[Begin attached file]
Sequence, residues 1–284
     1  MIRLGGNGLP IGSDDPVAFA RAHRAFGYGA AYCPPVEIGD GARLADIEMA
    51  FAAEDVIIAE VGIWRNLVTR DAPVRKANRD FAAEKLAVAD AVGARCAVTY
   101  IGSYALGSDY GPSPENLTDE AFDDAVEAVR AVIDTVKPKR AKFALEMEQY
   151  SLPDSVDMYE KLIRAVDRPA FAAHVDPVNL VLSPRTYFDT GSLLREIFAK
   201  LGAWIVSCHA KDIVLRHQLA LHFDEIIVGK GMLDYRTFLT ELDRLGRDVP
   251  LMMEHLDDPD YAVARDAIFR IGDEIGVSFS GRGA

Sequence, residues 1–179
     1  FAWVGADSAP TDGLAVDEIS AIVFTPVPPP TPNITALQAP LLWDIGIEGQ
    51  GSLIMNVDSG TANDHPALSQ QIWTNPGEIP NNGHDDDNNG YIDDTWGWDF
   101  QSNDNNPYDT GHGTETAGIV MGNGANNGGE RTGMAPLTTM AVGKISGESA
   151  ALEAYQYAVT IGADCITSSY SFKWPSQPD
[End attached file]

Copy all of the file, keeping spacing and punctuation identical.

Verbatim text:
Sequence, residues 1–284
     1  MIRLGGNGLP IGSDDPVAFA RAHRAFGYGA AYCPPVEIGD GARLADIEMA
    51  FAAEDVIIAE VGIWRNLVTR DAPVRKANRD FAAEKLAVAD AVGARCAVTY
   101  IGSYALGSDY GPSPENLTDE AFDDAVEAVR AVIDTVKPKR AKFALEMEQY
   151  SLPDSVDMYE KLIRAVDRPA FAAHVDPVNL VLSPRTYFDT GSLLREIFAK
   201  LGAWIVSCHA KDIVLRHQLA LHFDEIIVGK GMLDYRTFLT ELDRLGRDVP
   251  LMMEHLDDPD YAVARDAIFR IGDEIGVSFS GRGA

Sequence, residues 1–179
     1  FAWVGADSAP TDGLAVDEIS AIVFTPVPPP TPNITALQAP LLWDIGIEGQ
    51  GSLIMNVDSG TANDHPALSQ QIWTNPGEIP NNGHDDDNNG YIDDTWGWDF
   101  QSNDNNPYDT GHGTETAGIV MGNGANNGGE RTGMAPLTTM AVGKISGESA
   151  ALEAYQYAVT IGADCITSSY SFKWPSQPD